“I believe that endeavor is one of the most beautiful words in the English language,” wrote Gary Henry in his Daybook Series, More Enthusiastic Ideas.
Gary further opined, “Living in a world that, despite its goodness, is tragically broken and where many of our desires and goals seem frustratingly out of reach, the fact that we continue to endeavor speaks volumes about the nobility of the human spirit. In the face of such discouragement, lesser creatures would give up. But we do not. We persevere. We stay the course. We endeavor.”
Gary’s thoughts spurred my interest in the possible Bible usage of endeavor. I first thought of Ephesians 4:3 where Paul encourages us to do our very best at living the Christian life.
“I, therefore, the prisoner of the Lord, beseech you to walk worthy of the calling with which you were called, with all lowliness and gentleness, with longsuffering, bearing with one another in love, endeavoring to keep the unity of the Spirit in the bond of peace” (Eph 4:3, NKJV)
The word Endeavor, according to scholars Thayer, Vine and Robertson, literally is “to make haste or to hasten.” It means “to exert oneself…to be active…diligent. It involves and imbibes the qualities of being earnest, zealous, eager and alert.
In his commentary on Ephesians, C. G. (Colly) Caldwell says, “To endeavor one must be in earnest about what he is doing. He diligently strives for success and works at his task. He makes haste and is zealous.” Regarding the issue of unity, Colly correctly observes, “Unity is neither acquired or maintained by accident. All our effort is required to know the truth upon which we can unite and to overcome the selfish desires which keep us from being content with that word with one another.”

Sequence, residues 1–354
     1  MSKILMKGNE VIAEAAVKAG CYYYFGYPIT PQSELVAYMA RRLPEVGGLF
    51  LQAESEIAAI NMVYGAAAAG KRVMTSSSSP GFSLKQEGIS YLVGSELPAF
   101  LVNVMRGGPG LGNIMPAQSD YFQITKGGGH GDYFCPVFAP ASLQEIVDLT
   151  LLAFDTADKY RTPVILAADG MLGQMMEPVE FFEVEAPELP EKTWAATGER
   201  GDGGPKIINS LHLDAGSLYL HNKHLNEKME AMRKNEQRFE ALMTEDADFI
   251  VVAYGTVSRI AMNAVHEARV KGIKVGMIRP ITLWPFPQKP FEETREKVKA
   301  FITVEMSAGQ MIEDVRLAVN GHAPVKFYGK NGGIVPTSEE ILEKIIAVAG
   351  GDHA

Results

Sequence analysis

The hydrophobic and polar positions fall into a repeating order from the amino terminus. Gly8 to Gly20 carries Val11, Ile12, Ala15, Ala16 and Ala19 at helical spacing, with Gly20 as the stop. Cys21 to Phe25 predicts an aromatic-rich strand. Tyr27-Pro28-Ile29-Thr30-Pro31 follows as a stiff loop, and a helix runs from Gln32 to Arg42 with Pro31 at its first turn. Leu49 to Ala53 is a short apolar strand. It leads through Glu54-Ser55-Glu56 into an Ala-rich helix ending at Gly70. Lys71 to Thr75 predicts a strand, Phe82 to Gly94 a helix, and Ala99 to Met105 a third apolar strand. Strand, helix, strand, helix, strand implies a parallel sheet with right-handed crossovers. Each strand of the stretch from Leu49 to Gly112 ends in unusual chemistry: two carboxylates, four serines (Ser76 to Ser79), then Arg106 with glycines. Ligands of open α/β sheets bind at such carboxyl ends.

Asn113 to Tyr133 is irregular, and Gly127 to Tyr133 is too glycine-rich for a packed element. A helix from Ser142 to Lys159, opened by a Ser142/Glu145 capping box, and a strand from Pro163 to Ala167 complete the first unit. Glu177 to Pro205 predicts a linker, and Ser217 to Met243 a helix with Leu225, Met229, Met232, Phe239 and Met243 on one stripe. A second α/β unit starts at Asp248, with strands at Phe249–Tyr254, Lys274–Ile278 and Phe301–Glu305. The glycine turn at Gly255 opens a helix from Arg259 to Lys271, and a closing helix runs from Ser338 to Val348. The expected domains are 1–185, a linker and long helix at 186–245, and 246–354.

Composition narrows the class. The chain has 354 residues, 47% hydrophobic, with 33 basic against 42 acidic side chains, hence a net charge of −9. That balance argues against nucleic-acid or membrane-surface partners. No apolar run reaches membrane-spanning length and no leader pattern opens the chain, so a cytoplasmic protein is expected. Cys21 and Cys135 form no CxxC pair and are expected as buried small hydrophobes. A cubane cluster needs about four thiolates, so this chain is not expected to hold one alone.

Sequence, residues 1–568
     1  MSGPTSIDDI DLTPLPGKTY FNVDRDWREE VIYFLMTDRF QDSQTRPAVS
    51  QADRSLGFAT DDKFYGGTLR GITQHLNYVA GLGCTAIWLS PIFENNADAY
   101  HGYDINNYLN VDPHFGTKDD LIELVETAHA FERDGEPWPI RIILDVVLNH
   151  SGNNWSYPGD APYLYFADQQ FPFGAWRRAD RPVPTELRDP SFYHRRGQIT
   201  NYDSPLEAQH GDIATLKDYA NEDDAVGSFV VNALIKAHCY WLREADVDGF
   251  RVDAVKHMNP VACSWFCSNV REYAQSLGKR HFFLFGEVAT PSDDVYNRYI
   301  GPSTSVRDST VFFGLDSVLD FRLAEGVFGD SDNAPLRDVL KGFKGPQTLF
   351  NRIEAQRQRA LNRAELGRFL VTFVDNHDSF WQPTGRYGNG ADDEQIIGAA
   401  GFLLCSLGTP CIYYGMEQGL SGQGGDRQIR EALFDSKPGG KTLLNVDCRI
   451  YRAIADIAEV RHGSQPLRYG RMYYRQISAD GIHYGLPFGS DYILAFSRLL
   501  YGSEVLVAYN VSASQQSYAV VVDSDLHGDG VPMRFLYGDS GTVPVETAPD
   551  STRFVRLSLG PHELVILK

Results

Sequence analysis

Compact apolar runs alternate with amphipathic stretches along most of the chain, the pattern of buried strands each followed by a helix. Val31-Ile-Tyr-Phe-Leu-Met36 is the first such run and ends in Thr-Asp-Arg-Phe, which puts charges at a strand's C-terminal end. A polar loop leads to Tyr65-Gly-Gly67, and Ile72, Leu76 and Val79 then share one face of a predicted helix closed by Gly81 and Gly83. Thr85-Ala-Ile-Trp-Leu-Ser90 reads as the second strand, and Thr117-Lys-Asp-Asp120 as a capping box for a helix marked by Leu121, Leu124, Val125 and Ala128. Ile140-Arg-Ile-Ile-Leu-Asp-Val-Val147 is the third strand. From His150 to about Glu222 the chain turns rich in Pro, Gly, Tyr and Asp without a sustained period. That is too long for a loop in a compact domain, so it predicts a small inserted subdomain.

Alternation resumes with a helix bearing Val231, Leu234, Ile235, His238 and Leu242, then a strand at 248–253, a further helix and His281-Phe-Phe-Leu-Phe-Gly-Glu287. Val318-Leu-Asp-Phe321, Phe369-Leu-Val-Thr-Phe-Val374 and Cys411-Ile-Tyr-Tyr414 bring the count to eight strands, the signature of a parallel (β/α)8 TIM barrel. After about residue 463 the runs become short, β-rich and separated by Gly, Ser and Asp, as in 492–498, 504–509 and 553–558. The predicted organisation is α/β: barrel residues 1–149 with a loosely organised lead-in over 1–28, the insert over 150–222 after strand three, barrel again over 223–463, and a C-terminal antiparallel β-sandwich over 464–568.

In fact, the entirety of the Christian life is one that takes a focused, persistent and consistent effort. To please God, we must endeavor.
Speaking of our attitude toward God’s work and Word, we are commanded to “Be diligent to present yourself approved to God, a worker who does not need to be ashamed, rightly dividing the word of truth” (2 Tim. 2:15, NKJV)
The Hebrew writer warns us not to become apathetic like Israel of old and fall into unbelief. Instead, “Let us therefore strive to enter that rest, so that no one may fall by the same sort of disobedience. ” (Heb 4:11,ESV)
Regarding spiritual growth Peter instructs us to develop the virtues of faith, moral excellence, knowledge, self control, perseverance, brotherly kindness and love. Then he admonishes “Therefore, my brothers, be all the more eager to make your calling and election sure. For if you do these things, you will never fall, (2 Pet 1:10, NIV)
Furthermore, as Peter reminds us of the coming of Christ and the impending destruction of the world, He exhorts, “So then, dear friends, since you are looking forward to this, make every effort to be found spotless, blameless and at peace with him” (2 Pet 3:14, NIV)
Diligent. Strive. Eager. Effort. These words embody the spirit of endeavoring.
As John H. Rhoades expressed it. “Never stop reaching for more.” He added, “Do more than exist…live. Do more than touch…feel. Do more than look…observe. Do more than read…absorb. Do more than hear…listen. Do more than listen…understand.”
–Ken Weliever, The Preacherman